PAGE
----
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Sun, Jan 06, 2013 2:48 pm

Using Firefox Cookies with Wget

If you need to use wget to access a site that relies on HTTP cookies to control access to the site, you can log into the site with Firefox and use the Firefox add-on Export Cookies to export all of the cookies stored by Firefox to a file, e.g. cookies.txt. After installing the add-on, restart Firefox. You can then click on Tools and choose Export Cookies. Note: you may not get the cookie you need, if you put Firefox in private browsing mode.

You can then use the cookies file you just exported with wget. E.g. presuming the cookies file was named cookies.txt and was in the same directory as wget, you could use the following:

wget --load-cookies=cookies.txt

[/network/web/tools/wget] permanent link

Tue, Oct 06, 2009 4:41 pm

Determining if Wget Supports SSL

I needed to write a Bash script that will use Wget to download webpages from a secure website using HTTPS. In order to be able to use Wget for this purpose, one needs to have access to a version of Wget compiled with SSL support. You can determine if wget on a particular system was compiled with SSL support using the command wget --help | grep HTTPS.

Output on a system where wget has SSL support:

$ wget --help | grep HTTPS
HTTPS (SSL/TLS) options:

Output on a system where wget does not have SSL support:

$ wget --help | grep HTTPS

[/network/web/tools/wget] permanent link

Thu, Jan 31, 2008 4:59 pm

Make wget Pretend to Be Internet Explorer

I have a script that I manually run to download a particular webpage based on a parameter that I submit to the script. The script downloads the webpage with wget then parses the webpage for specific information and displays only that information. The script had been running fine until today, but produced an error message when I ran it today. When I checked the information being retrieved by wget, I found that instead of the desired webpage, I was getting "Sorry. This page may not be spidered."

When a browser retrieves a webpage, it sends a set of values to the webserver. Those values, which are called "headers", include a "user-agent" header that identifies the browser to the server. E.g. a particular version of Internet Explorer may identify itself as "Mozilla/4.0 (compatible; MSIE 6.0; Windows NT 5.0)".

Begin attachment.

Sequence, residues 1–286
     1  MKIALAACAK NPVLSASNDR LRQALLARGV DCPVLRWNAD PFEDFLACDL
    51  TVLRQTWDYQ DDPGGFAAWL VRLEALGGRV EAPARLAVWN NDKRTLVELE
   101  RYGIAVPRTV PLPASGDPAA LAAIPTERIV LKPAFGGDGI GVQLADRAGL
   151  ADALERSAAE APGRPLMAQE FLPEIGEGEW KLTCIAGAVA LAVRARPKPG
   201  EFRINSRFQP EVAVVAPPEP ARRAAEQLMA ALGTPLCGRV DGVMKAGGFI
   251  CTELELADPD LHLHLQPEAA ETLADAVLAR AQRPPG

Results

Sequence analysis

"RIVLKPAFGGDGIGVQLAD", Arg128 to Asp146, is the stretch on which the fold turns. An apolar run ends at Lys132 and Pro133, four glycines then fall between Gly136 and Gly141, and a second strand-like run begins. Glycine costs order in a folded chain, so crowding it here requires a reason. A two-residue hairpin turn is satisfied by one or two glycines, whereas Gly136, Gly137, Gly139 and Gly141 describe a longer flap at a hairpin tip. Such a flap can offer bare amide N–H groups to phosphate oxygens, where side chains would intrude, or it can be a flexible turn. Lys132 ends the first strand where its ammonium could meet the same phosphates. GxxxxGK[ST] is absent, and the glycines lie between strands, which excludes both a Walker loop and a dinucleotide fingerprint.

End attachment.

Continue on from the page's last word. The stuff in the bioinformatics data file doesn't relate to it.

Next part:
Some websites may use the user-agent header for statistical purposes, e.g. to determine which browsers are most commonly used to access the website. Such information may help a web developer tailor the site to the ones most commonly used to view the site. Or the the website developer can use the information to tailor its output to the browser being used by a particular user. E.g., if a browser doesn't support a particular feature used in the code on the website, the website software can present the viewer with an alternative webpage.

Wget identifies itself as "wget x.y.z", where x.y.z is the version of wget in use, e.g. "wget 1.8.2". So, if you retrieve a webpage with wget, the webserver might see User-Agent: Wget/1.8.2" as one of the headers submitted to it by the browser.

In this case the website, where the page resided I wanted to access, was seeing User-Agent: Wget/1.8.2" and denying access to the page. Fortunately, you can use the --user-agent argument for wget to specify that wget announce itself to a webserver as any browser you might wish to emulate.

-U agent-string
           Identify as agent-string to the HTTP server.

           The HTTP protocol allows the clients to identify themselves using a
           "User-Agent" header field.  This enables distinguishing the WWW
           software, usually for statistical purposes or for tracing of proto-
           col violations.  Wget normally identifies as Wget/version, version
           being the current version number of Wget.

           However, some sites have been known to impose the policy of tailor-
           ing the output according to the "User-Agent"-supplied information.
           While conceptually this is not such a bad idea, it has been abused
           by servers denying information to clients other than "Mozilla" or
           Microsoft "Internet Explorer".  This option allows you to change
           the "User-Agent" line issued by Wget.  Use of this option is dis-
           couraged, unless you really know what you are doing.

I had wget pretend to be Internet Explorer by using the command below:

wget --user-agent="Mozilla/4.0 (compatible; MSIE 6.0; Windows NT 5.0)" --quiet --output-document=$outfile $url

After editing my script to use the --user-agent option, the script was able to download the webpage as before, placing the output in the file designated by the $outfile variable in the script and using the URL I specified as an argument to the script.


  1. Masquerading Your Browser
    By Eric Giguere
    September 19, 2003
    Updated October 28, 2004
    ericgiguè resources for software developers

[/network/web/tools/wget] permanent link

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